Dick Costolo really needs to invest in some hoodies, what is this. Photographer: Tomohiro Ohsumi/Bloomberg.
Dick Costolo really needs to invest in some hoodies, what is this. Photographer: Tomohiro Ohsumi/Bloomberg.

People are very annoyed, or pretending to be, about the fact that the registration statement for Twitter's initial public offering was filed confidentially and will be reviewed by the SEC out of the public eye. The theory seems to be that more disclosure is always better: The more drafts of a registration statement you see, and the more time you have to look at it, the better your decision about whether to invest in the company. Here's Steven Davidoff:

Yet there might be value in having the regulator’s critique of a company’s I.P.O. occurring more or less simultaneously in the public eye. For example, both Zynga and Groupon received pushback from the agency over their accounting methods. This arguably allowed the investing public to better assess the financial results.
But for Zynga and Groupon, the experience probably wasn’t so great, because it led to sharp criticism of their filings and put their stock offerings on a back foot. In both cases, the S.E.C. process raised warning signs that turned out to be accurate about these companies.

So this theory is not really the theory of U.S. securities regulation. Consider Groupon, which ended up forbidden by the SEC from using certain measures in its prospectus that it had used in its initial registration statement. Specifically, Groupon had used a thing called "adjusted consolidated segment operating income" to make its income sound better than it, strictly speaking, was, and the SEC called shenanigans. No, Groupon, said the SEC, you cannot do that, that is misleading to investors.* Of course, Groupon also disclosed its normal GAAP financial measures; its ACSOI measure was just a bonus piece of additional information for investors. And the SEC said no.

That generally is what is happening in a confidential IPO filing. There is no risk at all, not even a little, that investors won't have ample time to review Twitter's registration statement when it gets through the SEC's process. The JOBS Act requires it to be public for at least 21 days before Twitter starts its roadshow, and IPO roadshows are really never shorter than a week or so. So you get a month to read the prospectus. That is enough, I promise you. It's not gonna be that interesting.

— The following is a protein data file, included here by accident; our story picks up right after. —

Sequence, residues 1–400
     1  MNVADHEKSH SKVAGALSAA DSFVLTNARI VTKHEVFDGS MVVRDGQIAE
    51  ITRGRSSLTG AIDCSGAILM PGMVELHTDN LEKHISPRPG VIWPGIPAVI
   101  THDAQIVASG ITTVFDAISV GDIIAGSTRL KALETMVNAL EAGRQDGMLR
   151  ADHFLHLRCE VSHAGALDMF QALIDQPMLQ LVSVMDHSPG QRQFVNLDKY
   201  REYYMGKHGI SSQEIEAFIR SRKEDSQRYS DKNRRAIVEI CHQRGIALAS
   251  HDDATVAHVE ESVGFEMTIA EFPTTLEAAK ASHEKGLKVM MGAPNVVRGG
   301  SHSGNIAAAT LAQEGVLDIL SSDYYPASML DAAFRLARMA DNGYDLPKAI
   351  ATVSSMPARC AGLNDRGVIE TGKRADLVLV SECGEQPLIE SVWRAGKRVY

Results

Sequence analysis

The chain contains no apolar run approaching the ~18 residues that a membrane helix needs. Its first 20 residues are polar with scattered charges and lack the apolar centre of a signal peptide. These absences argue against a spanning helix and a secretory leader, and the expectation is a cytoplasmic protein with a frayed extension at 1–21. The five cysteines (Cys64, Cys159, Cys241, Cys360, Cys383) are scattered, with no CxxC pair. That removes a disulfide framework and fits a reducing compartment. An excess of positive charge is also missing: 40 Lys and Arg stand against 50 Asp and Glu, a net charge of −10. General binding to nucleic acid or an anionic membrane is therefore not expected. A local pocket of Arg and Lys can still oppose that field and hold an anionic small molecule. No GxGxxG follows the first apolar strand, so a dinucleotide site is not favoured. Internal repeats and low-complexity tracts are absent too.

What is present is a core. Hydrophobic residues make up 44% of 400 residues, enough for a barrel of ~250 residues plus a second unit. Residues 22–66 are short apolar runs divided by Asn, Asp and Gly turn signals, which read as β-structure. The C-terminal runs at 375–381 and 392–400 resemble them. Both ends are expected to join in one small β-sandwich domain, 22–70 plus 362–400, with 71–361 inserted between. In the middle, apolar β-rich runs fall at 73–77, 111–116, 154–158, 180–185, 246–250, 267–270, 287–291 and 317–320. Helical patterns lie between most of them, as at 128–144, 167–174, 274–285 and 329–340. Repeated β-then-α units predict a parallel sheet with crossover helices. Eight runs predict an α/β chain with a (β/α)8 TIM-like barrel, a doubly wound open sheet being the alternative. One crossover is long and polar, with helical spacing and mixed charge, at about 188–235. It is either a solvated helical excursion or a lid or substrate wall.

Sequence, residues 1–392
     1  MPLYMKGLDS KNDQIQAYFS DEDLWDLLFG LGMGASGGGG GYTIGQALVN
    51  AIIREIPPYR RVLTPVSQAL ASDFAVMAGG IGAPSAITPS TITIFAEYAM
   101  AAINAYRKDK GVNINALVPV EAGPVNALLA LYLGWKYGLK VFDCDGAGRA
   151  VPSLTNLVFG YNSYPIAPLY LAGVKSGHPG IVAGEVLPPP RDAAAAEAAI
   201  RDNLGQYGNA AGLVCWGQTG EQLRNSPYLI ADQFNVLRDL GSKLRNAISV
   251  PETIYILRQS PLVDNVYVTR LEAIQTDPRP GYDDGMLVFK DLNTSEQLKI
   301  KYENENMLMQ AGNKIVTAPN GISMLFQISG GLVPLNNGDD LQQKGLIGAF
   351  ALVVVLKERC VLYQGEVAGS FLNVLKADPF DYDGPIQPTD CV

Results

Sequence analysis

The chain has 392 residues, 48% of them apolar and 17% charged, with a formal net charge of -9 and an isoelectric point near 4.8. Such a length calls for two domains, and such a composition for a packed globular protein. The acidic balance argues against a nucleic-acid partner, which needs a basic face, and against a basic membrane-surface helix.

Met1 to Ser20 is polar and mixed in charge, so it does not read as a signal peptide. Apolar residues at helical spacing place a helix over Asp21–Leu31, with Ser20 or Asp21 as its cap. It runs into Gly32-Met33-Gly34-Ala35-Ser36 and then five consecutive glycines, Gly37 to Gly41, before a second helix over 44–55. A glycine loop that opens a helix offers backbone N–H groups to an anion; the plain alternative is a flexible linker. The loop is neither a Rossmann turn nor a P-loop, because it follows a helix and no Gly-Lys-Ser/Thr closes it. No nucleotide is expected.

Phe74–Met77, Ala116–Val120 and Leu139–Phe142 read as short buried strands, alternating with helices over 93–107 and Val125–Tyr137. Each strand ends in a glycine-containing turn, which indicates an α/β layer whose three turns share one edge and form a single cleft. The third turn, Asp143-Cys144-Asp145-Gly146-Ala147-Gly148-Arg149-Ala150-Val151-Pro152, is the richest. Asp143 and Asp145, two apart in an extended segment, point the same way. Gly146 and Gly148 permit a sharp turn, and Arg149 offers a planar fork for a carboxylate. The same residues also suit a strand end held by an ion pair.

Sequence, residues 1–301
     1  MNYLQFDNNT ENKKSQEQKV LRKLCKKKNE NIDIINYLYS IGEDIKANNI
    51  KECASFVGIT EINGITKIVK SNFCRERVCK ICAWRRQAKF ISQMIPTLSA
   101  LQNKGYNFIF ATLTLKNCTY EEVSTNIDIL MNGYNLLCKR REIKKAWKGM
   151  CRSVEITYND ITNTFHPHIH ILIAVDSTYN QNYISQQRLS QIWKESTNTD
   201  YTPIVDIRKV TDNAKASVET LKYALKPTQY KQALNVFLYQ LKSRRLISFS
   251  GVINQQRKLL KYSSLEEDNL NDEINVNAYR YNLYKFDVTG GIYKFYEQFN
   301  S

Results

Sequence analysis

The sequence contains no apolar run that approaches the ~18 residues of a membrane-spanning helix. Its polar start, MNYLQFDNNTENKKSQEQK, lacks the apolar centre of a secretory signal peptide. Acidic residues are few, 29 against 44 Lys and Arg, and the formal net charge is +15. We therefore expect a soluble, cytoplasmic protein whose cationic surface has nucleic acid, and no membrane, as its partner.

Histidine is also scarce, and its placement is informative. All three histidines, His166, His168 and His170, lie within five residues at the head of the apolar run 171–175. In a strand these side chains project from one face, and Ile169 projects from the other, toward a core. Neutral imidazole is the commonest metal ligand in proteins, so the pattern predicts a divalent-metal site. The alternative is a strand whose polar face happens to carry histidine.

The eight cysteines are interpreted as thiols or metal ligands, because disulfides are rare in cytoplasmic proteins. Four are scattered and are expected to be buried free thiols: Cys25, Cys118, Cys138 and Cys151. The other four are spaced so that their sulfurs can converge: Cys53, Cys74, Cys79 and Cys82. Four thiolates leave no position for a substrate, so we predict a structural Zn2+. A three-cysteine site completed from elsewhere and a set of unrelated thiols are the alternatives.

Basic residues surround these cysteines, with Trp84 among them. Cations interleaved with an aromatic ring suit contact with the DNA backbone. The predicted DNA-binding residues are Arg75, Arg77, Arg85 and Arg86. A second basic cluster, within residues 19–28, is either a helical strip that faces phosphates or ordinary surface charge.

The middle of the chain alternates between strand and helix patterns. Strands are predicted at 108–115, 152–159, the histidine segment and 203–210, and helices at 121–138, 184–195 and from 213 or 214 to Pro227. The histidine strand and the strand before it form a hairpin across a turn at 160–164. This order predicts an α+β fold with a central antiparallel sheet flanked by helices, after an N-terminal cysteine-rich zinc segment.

But what might happen is that the SEC will demand changes in Twitter's prospectus, to make it not misleading to investors, and under the JOBS Act those changes will not occur in public. Which, yes, is a loss to the public record. But: If it's misleading to investors, why is it good for investors to have it? I think your choices are:

  • It really is misleading to investors, so having it out there, endlessly repeated and discussed, in the preliminary registration statement, is Bad; or
  • It really isn't all that misleading, and its inclusion provides some sort of valuable information about the company, so taking it out is Bad.

Now of course that second choice might be right: Maybe the SEC shouldn't be the arbiter of what information, and what arithmetic manipulations of information, are too dangerous for investors to have. That's a reasonable theory I suppose, but if you believe it then you should want less SEC review, not more public SEC review.

If the first choice is right -- if the SEC is protecting investors from knowing information that can hurt them -- then why should investors also have the information? One good argument that they should is that the back-and-forth is itself informative; in particular, a company whose first-draft prospectus is full of misleading claims that are rejected by the SEC is a company that you might want to stay away from. This has a certain appeal though it shouldn't be overstated: Not every company whose public filings go overboard in presenting it in a flattering light is a fraud, particularly if it's a new-web-2.0-whatever company with no experience of public disclosure and no obviously applicable old-economy-1.0-beta-whatever way to measure its success.** And truthfully calculating and prominently displaying your non-GAAP earnings-before-everything is a relatively benign form of accounting aggressiveness: Just plain cooking the books is a close substitute, but much worse and less likely to be caught by the SEC.

Also, I mean: People probably talked more about Groupon's ACSOI than they would have if the SEC hadn't publicly forced Groupon to delete it from the prospectus. If the very mention of that number was misleading, then preventing widespread obsessive focus on that misleading number seems like a good idea. There'll be plenty of other things to obsessively focus on in the run-up to the Twitter IPO.

* Here's what they said:

We note your use of the non-GAAP measure Adjusted Consolidated Segment Operating Income, which excludes, among other items, online marketing expense. It appears that online marketing expense is a normal, recurring operating cash expenditure of the company. Your removal of this item from your results of operations creates a non-GAAP measure that is potentially misleading to readers. Please revise your non-GAAP measure accordingly. Refer to Rule 100(b) of Regulation G.
** Surely not net income hahahahaha.